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Bird, Antonia Janefree

  • Sarah Hill

Antonia Jane Bird (1951–2013)

by Andrew Buurman, 1999

Bird, Antonia Jane (1951–2013), television and film director, was born on 27 May 1951 at the Princess Beatrice Hospital, Old Brompton Road, Kensington, London, the only child of Ernest Michael Bayley (William) Bird (1914–1986), actor, and his wife, Rosemary Gordon, née Marriott (b. 1921). At the time of her birth, her parents lived at 27 Elvaston Place, Kensington. She initially followed her father into acting. She left school at fifteen, running away from home to join the Coventry Repertory Theatre 'because there was something in me that wanted to prove it was worth it' (The Guardian, 9 Sept 1997). But she found acting humiliating and by 1968, aged seventeen, she was stage manager. She progressed to directing at the Phoenix Theatre in Leicester and became resident director at the Royal Court in 1978. She was the assistant director on Richard Eyre's revival of Guys and Dolls (1982) and later took over as director when it transferred to the West End, casting Clarke Peters as the first black actor to play Sky Masterson. Despite this success, she decided to focus on television, directing fifteen episodes of the first series of EastEnders (1985) before moving on to the BBC's new medical drama, Casualty (1986). In 1991 she directed The Men's Room for BBC2. The series was based on the novel of the same name by the feminist sociologist Ann Oakley, and starred Bill Nighy and Amanda Redman.

Bird's reputation as a director whose work, as she said, 'screams about injustice, inequality and inhumanity' (The Guardian, 12 Dec 1994) was cemented in the 1990s. Her first film for the BBC, Safe (1993), was a hard-hitting drama about homeless teenagers. A review in The Times proclaimed: 'Ken Loach and Mike Leigh, do not rest on your laurels … this film brought me to my knees' (quoted in Sight and Sound, 12 Feb 2014). The film went on to win numerous awards, including a television BAFTA.

Safe also marked the first of Bird's many collaborations with the actor Robert Carlyle. This was followed by Priest (1994), in which a gay Catholic priest encounters a more radical colleague who encourages him to question his position. Bird's work was all the more impressive given how few women directors were working in British film and television at this time.

Hollywood called in 1995 and Bird made Mad Love with Drew Barrymore and Chris O'Donnell for Miramax. Although working within the Hollywood system left her frustrated, she stuck to her principles, not least when she demanded union conditions for her crew after discovering they were employed on a non-union rate basis; she succeeded, perhaps not surprisingly for a director whose favourite phrase was 'digging my heels in' (The Herald [Glasgow], 18 March 1995). When she turned her attention to the gangster film with Face (1997), starring Britpop star of the moment Damon Albarn and Robert Carlyle, she prevented the film from becoming just one of many British gangster films being pushed out by the film industry at the time by choosing to bring her female characters, including those played by Lena Headey and Sue Johnston, to the fore while other films left them marginalized. She followed this with another collaboration with Robert Carlyle, a horror film about cannibalism, Ravenous (1999).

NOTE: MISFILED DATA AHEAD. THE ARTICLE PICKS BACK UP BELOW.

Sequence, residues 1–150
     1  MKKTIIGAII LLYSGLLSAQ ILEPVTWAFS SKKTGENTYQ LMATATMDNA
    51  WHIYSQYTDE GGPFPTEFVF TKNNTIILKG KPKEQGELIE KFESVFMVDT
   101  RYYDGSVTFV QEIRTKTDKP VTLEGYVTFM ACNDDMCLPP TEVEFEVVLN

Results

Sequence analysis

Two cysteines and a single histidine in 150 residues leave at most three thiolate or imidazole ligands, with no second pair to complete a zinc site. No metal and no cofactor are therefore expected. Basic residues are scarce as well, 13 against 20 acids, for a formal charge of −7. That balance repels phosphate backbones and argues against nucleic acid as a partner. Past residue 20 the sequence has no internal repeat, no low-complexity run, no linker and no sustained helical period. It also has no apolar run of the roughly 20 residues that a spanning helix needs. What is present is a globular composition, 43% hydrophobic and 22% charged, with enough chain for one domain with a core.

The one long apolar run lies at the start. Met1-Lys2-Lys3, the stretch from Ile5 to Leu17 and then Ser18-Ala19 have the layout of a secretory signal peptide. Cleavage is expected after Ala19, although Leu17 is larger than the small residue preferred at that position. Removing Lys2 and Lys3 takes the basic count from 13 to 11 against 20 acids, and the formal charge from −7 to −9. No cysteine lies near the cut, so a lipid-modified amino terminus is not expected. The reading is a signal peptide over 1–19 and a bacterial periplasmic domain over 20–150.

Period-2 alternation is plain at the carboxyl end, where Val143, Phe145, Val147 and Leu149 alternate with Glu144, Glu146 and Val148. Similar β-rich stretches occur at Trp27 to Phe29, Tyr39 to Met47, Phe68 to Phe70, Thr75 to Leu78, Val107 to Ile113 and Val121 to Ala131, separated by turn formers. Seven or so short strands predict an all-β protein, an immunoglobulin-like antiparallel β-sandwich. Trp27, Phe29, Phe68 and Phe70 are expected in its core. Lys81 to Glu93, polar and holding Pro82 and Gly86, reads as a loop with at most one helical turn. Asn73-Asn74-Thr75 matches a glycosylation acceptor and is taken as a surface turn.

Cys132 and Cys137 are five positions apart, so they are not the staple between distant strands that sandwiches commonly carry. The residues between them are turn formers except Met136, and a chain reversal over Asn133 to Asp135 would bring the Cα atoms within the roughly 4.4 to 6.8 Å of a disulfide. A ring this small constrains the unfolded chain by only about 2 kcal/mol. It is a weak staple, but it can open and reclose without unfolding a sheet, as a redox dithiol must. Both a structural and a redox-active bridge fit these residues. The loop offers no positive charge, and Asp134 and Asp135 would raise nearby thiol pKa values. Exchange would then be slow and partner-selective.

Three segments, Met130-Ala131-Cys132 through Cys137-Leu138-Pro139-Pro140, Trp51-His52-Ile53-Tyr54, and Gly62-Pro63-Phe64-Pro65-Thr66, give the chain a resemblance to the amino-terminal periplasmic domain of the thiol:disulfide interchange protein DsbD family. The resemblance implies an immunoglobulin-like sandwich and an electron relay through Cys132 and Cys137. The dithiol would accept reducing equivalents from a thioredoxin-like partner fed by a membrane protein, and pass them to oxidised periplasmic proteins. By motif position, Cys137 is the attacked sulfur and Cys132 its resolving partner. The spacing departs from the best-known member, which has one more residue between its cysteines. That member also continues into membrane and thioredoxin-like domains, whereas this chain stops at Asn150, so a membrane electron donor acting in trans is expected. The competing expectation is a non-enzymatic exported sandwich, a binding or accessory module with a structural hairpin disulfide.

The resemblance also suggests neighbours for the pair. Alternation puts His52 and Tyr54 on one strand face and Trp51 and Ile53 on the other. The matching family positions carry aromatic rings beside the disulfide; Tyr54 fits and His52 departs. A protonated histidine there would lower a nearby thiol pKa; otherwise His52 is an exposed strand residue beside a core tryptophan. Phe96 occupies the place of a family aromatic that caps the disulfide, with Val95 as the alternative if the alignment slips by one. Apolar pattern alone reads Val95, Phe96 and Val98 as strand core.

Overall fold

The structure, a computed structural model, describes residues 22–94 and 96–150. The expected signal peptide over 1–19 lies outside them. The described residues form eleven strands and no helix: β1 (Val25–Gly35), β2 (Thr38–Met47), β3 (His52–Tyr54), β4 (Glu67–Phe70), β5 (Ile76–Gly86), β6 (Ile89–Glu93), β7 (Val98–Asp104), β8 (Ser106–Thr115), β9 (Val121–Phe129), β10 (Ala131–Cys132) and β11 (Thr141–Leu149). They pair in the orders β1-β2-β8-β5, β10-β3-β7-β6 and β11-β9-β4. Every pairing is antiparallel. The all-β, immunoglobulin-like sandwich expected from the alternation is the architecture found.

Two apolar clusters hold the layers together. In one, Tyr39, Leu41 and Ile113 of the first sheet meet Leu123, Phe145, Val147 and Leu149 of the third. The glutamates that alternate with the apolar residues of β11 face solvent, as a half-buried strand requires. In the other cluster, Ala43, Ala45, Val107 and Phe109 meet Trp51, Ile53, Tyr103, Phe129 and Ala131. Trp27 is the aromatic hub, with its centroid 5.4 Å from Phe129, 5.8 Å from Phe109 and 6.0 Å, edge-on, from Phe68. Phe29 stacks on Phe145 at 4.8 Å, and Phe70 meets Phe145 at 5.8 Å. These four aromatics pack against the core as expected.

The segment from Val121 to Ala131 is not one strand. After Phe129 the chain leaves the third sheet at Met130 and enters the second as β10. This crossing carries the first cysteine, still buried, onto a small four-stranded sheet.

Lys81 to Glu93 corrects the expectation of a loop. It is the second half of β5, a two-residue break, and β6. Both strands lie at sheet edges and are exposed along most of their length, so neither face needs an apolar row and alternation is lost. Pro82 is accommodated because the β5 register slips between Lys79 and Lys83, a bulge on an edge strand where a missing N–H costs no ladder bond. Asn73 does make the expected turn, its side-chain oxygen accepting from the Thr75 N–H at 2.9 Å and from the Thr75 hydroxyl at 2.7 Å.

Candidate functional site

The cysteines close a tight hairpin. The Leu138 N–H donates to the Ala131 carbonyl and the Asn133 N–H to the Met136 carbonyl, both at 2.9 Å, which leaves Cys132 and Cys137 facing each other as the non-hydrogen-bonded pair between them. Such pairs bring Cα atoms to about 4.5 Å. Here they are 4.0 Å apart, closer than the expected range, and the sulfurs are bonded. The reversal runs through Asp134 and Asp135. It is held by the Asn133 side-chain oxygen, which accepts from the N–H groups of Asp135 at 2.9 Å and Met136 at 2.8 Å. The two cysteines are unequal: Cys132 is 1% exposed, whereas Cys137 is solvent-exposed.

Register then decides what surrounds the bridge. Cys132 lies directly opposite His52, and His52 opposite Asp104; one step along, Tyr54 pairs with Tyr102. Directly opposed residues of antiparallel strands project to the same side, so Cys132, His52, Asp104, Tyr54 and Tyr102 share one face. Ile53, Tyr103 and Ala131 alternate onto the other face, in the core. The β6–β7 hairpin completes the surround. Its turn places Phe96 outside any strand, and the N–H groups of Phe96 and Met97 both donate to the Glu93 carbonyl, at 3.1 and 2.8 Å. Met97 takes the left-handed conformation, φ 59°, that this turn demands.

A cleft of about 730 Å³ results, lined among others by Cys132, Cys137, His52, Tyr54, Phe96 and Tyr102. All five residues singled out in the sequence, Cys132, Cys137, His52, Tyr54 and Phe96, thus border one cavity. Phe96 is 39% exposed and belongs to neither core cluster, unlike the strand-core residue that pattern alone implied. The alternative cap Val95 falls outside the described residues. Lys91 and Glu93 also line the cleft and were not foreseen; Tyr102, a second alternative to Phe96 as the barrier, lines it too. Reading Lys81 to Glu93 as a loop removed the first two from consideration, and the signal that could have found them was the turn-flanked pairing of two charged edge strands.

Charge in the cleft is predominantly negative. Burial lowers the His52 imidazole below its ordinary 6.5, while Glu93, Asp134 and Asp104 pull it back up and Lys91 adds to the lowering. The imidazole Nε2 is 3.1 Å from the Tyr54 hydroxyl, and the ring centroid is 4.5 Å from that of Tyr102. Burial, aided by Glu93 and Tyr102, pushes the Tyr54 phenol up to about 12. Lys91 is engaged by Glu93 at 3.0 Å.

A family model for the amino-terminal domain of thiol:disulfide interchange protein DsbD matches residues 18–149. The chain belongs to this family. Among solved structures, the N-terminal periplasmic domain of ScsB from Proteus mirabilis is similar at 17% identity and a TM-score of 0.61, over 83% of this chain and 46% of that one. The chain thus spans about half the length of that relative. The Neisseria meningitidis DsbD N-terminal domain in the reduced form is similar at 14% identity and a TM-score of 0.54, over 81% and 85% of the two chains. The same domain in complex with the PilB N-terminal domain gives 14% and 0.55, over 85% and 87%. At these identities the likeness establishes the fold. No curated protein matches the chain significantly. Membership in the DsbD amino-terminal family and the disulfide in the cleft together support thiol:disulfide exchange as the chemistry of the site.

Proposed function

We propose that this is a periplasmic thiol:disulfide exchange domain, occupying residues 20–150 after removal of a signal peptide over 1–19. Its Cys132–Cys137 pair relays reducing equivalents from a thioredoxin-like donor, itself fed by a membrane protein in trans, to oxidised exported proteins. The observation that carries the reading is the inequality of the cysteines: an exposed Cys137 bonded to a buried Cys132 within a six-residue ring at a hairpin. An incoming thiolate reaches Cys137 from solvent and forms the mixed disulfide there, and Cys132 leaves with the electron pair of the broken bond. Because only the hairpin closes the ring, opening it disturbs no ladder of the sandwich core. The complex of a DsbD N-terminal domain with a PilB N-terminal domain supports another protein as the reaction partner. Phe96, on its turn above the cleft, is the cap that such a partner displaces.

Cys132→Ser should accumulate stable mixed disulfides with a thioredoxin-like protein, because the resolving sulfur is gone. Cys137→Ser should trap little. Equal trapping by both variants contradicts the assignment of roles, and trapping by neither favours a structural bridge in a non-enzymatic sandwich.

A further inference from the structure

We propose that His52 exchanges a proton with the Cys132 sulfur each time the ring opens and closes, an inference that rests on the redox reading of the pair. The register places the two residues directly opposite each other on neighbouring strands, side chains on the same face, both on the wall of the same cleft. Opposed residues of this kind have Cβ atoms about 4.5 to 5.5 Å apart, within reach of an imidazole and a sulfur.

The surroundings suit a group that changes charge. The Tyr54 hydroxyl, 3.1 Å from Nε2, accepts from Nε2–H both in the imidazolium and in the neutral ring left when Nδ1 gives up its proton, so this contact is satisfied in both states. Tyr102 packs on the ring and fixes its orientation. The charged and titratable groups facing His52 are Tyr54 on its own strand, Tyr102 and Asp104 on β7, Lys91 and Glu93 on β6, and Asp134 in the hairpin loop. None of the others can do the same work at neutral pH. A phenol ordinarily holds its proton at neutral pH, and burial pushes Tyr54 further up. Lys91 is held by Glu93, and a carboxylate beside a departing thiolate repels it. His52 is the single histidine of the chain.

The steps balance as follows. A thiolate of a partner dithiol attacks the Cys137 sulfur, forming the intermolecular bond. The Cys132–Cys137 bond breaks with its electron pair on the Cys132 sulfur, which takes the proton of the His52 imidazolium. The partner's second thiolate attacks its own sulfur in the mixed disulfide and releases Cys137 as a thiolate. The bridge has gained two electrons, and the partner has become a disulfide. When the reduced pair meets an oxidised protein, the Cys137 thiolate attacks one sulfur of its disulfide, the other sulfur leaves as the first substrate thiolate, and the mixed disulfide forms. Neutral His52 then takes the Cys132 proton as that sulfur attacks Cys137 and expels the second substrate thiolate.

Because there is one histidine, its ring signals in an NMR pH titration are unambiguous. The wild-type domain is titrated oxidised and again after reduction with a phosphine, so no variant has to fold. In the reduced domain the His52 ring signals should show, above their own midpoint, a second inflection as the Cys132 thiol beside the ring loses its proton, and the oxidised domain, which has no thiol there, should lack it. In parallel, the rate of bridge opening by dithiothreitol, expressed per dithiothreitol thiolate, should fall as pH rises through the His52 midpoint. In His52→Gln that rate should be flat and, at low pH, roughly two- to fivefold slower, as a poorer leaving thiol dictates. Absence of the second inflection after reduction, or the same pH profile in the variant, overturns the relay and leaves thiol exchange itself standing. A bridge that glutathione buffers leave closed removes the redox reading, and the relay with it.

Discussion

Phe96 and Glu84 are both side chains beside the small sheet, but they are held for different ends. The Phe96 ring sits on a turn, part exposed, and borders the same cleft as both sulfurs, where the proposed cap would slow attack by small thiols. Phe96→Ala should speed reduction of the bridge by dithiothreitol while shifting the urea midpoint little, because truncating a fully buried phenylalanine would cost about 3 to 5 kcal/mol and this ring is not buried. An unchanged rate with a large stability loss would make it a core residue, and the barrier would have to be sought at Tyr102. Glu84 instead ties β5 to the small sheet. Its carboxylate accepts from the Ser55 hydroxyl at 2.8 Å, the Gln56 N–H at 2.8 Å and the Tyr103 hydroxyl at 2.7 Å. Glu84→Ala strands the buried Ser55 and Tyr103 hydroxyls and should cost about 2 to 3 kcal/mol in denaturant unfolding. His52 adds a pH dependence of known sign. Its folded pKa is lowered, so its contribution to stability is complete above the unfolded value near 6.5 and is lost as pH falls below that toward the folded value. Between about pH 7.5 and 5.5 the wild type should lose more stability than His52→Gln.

In 2000 Bird directed the BAFTA award-winning Care for the BBC, a fictionalized account of sexual abuse in a children's home starring Steven Mackintosh. In 2002 she established the production company 4Way Pictures with Robert Carlyle, the film-maker Mark Cousins, and the novelist Irvine Welsh. Their first production was the television film Rehab (2003), about a young man who is released from prison to attend a drugs rehabilitation programme. The following year, Bird directed The Hamburg Cell (2004) for Channel 4, a typically unflinching examination of extremism centred around the terrorist group that plotted the 11 September 2001 attacks on the United States. In 2009 Bird won another BAFTA: a Children's BAFTA for Off By Heart, a documentary about a children's poetry competition. Her final piece of work was as principal director on the first series of the BBC's The Village in 2013, starring John Simm and Maxine Peake, which focused on life in a Derbyshire village in the early twentieth century.

Antonia Bird was a fearless and passionate director, whose films gave a voice to those who were disenfranchised and marginalized within society. She was twice married. On 9 July 1976 she married the actor Hessel (otherwise Harry or Harold Norman) Saks. The marriage was short-lived, and on 20 January 2000 she married her long-term partner, Ian William Ilett (b. 1952), also from the film industry, and son of William Ellis Ilett, building worker. Having been diagnosed with the rare and aggressive anaplastic thyroid cancer in 2013, she died on 24 October 2013 in Aldringham, Suffolk. She was survived by her husband. With her death, British cinema lost one of its most distinguished film-makers, who had blazed a trail for women directors in an industry in which at the time of her death they still represented a minority.


  • J. Stone, Eye on the world: conversations with international filmmakers (1997), 280–82
  • The Herald [Glasgow] (18 March 1995)
  • Daily Telegraph (29 Oct 2013)
  • The Times (31 Oct 2013)
  • The Observer (15 Dec 2013)
  • Sight and Sound (12 Feb 2014)
  • b. cert.
  • m. certs.
  • d. cert.



  • BFI NFTVA, interview footage
  • ‘From EastEnders to Hollywood: Antonia Bird’, BBC Four, 22 May 2016


  • A. Buurman, photograph, 1999, Rex Features, London [see illus.]
  • photograph, 1999, AF Archive
  • photograph, 2004, Allstar Picture Library
  • obituary photographs
  • photograph, Moviestore Collection